Lately I’ve been on a soul searching quest to follow my passion. This crusade has forced me to answer some challenging questions. And just when I think I have things figured out, something comes along to alter my thinking. For some time now I’ve felt that remaining in my current work situation will only serve to disappoint and keep me from fulfilling myself creatively. Leaving my current school district has been something that I have thought about for quite some time. In fact, leaving the teaching profession altogether has been something I have been struggling with for months.
Yesterday in church, my pastor’s message challenged this thinking. He spoke about leadership and one’s courage to lead in the face of adversity. He asked us to think about what it takes to remain where we are, and to lead from where we are. He asked how close we come to our vision before we run in fear because we are afraid.
It does take courage and strength to lead, to bring about change. It takes risk. Leadership begs the question -am I qualified enough?
This in turn forced me to ask these same questions of myself. If I so desperately want change in my district, why am I not fighting for it?Many of the leaders that I have come to respect through social media have advised me to be that one voice of change. My response has been to laugh and look for an external fix. Perhaps I should be looking inward. Is my desire to leave based on fear? Do I lack bravery? Can I step up even when I am afraid?
Yesterday’s message is weighing heavy on my mind. How many ordinary people are willing to change things right where they are? How many ordinary people are willing to be brave? How many ideas are dying all the time that could change the world, because people are not ready to step up?
I’ve recently been told by two close friends that they believe me to be passionate about my role as a teacher. In both instances the word passionate caught me off guard. Friends who know me have come to understand the frustration I have felt for many years as a teacher. They have witnessed my heart ache, sleepless nights, tears, anxiety, and fits of anger over a job that at times consumes me. Passionate people are often quick to feel anger (check), have difficulty letting go of problems (check), and always wear emotions on their sleeve (check). I am a slave to all of these traits. I am a lot like my dad in that way. Defined this way, being passionate doesn’t sound that endearing.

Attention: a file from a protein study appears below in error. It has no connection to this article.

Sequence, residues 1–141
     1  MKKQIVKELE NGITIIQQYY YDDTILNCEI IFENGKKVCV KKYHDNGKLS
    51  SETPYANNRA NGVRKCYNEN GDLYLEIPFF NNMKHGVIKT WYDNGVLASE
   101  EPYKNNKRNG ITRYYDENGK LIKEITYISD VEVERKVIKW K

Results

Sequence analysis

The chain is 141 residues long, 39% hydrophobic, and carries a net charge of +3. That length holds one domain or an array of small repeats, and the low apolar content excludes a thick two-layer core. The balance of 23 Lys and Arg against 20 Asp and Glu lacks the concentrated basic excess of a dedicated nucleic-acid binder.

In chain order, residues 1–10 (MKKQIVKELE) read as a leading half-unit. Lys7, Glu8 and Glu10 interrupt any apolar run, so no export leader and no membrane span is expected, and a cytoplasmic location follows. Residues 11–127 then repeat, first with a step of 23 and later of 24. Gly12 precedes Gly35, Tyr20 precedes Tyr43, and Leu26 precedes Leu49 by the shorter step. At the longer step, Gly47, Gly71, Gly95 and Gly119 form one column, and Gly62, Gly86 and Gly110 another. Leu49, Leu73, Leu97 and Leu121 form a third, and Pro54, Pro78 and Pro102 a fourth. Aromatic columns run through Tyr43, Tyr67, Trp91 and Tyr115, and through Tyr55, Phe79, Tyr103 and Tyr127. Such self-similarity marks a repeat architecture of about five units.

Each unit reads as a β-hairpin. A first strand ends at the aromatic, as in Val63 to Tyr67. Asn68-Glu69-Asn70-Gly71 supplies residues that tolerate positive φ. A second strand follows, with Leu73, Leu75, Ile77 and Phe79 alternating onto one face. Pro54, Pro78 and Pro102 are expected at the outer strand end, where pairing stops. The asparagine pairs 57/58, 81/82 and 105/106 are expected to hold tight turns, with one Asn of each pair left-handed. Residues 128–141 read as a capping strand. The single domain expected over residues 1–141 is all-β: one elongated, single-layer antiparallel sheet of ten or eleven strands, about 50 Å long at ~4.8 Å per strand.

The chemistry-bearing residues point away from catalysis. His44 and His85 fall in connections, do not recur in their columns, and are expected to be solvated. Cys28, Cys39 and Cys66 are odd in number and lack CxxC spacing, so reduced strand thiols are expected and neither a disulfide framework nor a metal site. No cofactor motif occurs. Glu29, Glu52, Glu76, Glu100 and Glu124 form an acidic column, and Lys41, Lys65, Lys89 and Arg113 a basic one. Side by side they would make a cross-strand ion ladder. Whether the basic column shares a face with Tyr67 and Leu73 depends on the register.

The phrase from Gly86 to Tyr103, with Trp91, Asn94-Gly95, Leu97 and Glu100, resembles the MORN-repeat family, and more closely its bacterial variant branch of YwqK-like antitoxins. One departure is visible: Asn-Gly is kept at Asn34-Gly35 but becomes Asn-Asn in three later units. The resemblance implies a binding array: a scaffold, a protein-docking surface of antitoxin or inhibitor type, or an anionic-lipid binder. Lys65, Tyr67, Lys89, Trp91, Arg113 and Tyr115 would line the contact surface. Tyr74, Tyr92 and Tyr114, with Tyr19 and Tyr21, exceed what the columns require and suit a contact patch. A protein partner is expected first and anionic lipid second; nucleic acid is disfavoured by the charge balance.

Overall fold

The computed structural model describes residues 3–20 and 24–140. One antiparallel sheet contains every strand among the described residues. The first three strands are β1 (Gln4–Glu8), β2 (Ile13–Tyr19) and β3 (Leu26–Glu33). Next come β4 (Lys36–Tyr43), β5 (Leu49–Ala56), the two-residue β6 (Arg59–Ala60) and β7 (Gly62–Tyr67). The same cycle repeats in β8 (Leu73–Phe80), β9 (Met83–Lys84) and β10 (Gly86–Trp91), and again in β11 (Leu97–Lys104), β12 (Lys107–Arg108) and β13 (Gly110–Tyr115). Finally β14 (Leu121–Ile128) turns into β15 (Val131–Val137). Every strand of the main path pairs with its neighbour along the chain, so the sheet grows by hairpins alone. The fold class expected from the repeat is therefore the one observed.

This morning I decided to do a little research on the word passion. Here is what I discerned. “Passion (from the Latin verb patī meaning to suffer) is a term applied to a very strong feeling about a person or thing. Passion is an intense emotion compelling, enthusiasm, or desire for anything”.
Passionate people are focused, expressive, independent thinkers, learners, and risk takers. But perhaps the best description I found was this excerpt written by Sima Ballinger in her post about passionate people. She writes “Passion creates excellence when mediocrity will do. Passion makes you laugh, when you feel like crying. Passion makes you open your mouth and proclaim something, when a whisper will do. Passion allows you to sit still, when you feel like walking away. Passion will cause you to break a record, when finishing the race will do. Passion will make you stay up all night long, when you want to sleep. Passion will cause you to love, when you would rather hate.”
Knowing that people regard me this way revealed an important lesson. I was forced to reflect differently about the way I see myself, and the way others perceive me. If by passionate my friends see me as speaking out about what’s wrong in education (when a whisper will do), then yes I am guilty. If I lose many nights of sleep worrying about my job, my students and my school,( when I’d rather be sleeping), then yes I am guilty. If I strive for excellence by honing my craft to make learning fresh each year (when tried and true methods will do), then yes I am guilty. If my friends want to define me as passionate, I’ll take it. For when you are surrounded by something you truly love and care about, you can’t hide it, your passion comes through.
I’m convinced that I’m residing in the wrong part of the country. I’m not made for the cold. I’m a summer girl through and through. My body responds quite adversely when the temperature drops below 65 degrees. Every year as the summer comes to an end, and the nights grow colder, my extremities rebel. My fingers and toes turn blue, and I’m constantly feeling chilled. This usually lasts until the heat of the summer can thaw me enough so that socks and sweatshirts aren’t required attire. Sometimes this thaw occurs in June, but lately it seems that I can’t fully defrost until July.
As the weather begins to warm up here in the Northeast, I feel the summer calling to me. My flip flops beckon to me from the storage bins in my closet. Like the metamorphosis of the caterpillar, I am slowly beginning to find my way out of my winter cocoon. Little by little I am shedding the trappings of winter and looking forward to the rebirth that summer brings to me both mentally and physically.